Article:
Freemail Vulnerabilities

By Ira Winkler

February 10, 1999,3700,2205746,00.html

If you have an account on Hotmail, Yahoo!, or Excite, it's vulnerable to hackers.

[And yet, a few years later, Winkler says you have absolutely nothing to worry about from hackers.]

Free email services are a common feature on portal sites, but some of them have serious security vulnerabilities-- specifically, Yahoo! Mail, Excite Mail, and Hotmail

First, these three services allow an unlimited number of log-on attempts. This means that malicious Internet users can perform password guessing and "brute force" password attacks against accounts on those systems. (After three failed log-in attempts, Yahoo! does ask the supposed user if they require help. However, additional log-in attempts are not prevented.)

Second, the user is not notified when a number of failed log-in attempts have occurred. If a password attack had been attempted against a user account, the user has no way of knowing.

These vulnerabilities affect a lot of Internet surfers. Free email services are extremely popular as a Web-based alternative to regular Internet service provider accounts. The ability to access mail from any Web browser and a certain level of Internet anonymity are great advantages that these accounts offer. Security, however, is a distinct disadvantage.

The problems probably are not limited to Yahoo!, Excite, and Hotmail. To test whether a particulare site is vulnerable to a brute-force attack, simply try entering incorrect passwords. If the system allows more than ten invalid password entries without locking out the account, then it probably allows an unlimited number of password-cracking attempts.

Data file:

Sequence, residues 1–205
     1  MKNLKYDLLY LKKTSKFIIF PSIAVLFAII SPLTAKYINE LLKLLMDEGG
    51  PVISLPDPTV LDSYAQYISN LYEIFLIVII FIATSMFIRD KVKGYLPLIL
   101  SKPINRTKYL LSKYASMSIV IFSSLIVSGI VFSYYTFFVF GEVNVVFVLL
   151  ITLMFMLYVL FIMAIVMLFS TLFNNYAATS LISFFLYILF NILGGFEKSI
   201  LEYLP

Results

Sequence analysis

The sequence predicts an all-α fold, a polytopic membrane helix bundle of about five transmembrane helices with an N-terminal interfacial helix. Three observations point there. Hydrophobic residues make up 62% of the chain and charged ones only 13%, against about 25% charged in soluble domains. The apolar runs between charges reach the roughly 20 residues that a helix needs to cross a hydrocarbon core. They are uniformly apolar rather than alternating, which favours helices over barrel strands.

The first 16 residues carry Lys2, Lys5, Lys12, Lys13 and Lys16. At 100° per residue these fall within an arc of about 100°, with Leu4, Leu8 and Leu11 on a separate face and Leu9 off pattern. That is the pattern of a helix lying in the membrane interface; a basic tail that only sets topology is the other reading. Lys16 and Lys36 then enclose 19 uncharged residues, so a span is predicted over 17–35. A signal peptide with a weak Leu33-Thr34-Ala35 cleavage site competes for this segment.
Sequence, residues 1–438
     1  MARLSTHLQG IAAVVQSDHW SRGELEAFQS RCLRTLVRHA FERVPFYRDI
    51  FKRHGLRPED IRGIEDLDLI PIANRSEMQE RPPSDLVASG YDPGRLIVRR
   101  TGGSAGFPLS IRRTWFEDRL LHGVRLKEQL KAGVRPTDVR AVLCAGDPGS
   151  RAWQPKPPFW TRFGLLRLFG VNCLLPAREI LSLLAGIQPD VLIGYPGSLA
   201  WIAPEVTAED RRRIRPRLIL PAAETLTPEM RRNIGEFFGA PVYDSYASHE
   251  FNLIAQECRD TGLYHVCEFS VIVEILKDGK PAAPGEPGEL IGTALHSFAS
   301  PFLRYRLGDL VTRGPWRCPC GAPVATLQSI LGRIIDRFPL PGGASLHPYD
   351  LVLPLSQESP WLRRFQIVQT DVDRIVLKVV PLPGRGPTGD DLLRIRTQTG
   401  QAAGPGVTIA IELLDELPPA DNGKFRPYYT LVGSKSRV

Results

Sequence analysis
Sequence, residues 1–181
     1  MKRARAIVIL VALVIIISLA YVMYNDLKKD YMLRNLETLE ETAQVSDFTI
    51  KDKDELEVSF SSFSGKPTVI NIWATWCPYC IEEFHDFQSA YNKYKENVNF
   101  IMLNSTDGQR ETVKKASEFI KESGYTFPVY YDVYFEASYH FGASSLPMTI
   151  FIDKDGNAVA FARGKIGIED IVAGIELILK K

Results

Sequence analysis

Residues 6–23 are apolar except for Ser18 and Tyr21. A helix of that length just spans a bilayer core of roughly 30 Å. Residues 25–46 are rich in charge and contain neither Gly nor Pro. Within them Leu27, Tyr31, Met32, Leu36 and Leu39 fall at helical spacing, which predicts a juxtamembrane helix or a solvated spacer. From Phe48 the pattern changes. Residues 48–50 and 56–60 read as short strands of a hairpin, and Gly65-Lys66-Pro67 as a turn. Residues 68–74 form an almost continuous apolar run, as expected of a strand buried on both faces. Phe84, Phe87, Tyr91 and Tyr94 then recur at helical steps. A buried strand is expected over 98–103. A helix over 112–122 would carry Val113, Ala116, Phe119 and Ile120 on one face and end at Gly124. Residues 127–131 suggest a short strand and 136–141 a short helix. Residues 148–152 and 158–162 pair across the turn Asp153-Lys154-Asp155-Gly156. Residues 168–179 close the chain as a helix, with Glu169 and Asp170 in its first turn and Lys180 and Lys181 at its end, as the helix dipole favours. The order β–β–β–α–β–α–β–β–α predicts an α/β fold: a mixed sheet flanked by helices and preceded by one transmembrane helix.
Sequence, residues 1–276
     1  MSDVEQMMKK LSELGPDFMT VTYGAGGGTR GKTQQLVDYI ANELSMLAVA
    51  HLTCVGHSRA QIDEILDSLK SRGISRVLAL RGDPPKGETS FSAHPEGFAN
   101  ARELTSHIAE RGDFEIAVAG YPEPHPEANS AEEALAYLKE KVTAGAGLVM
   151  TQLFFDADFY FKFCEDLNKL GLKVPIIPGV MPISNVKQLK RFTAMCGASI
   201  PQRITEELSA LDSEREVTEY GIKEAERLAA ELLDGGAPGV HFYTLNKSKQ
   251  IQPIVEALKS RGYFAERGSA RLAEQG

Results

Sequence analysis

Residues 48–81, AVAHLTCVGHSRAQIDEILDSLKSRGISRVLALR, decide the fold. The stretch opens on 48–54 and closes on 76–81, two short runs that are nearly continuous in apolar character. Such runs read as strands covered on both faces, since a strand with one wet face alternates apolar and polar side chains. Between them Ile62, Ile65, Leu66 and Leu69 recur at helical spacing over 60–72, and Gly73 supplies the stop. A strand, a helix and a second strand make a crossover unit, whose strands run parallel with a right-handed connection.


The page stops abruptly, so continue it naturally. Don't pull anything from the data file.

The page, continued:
[Probably? In his vast years of pen-testing, he hasn't run into a single case of an application or service being vulnerable to brute forcing weaknesses?]

Password crackers attempt to obtain an account's password by exhaustively guessing word and number combinations. For example, an attacker may use a dictionary as the source of words. More sophisticated password crackers will use word-and-number combinations, such as star99. The most time-consuming technique is to try every possible combination of letters, numbers, and special characters. Such attacks can easily be automated. Password cracking is an extremely common hacker technique.

[Password Cracking is not the same as remotely brute force attacking an application like Yahoo or Hotmail. Very few hackers rely on brute forcing as it takes an incredibly long time to complete, regardless of resources. Password cracking relies on having a hashed value of the password and then exhausting all possible combinations.]

To prevent brute-force attacks, a security function should lock an account after an excessive number of failed log-in attempts, typically three to five. Once an account is locked, the user should be emailed about the failed log-in attempts and told to contact the system administrators, who will verify the user's identity. While this would cause a temporary interruption of service, it would prevent the account from being compromised. This is a basic security practice that is built into most computer operating systems.

Admittedly, these vulnerabilities are extremely basic. I was not expecting them to exist on all the systems I examined. I take their presence as an indication that security was not a crucial step in designing these systems.

While the sites all state that users should choose their passwords well, they do not account for attacks that can compromise even the best passwords. This leaves users, who number in the thousands or even hundreds of thousands (industry numbers measure accounts, not the number of users), vulnerable to someone with even trivial programming and hacking skills.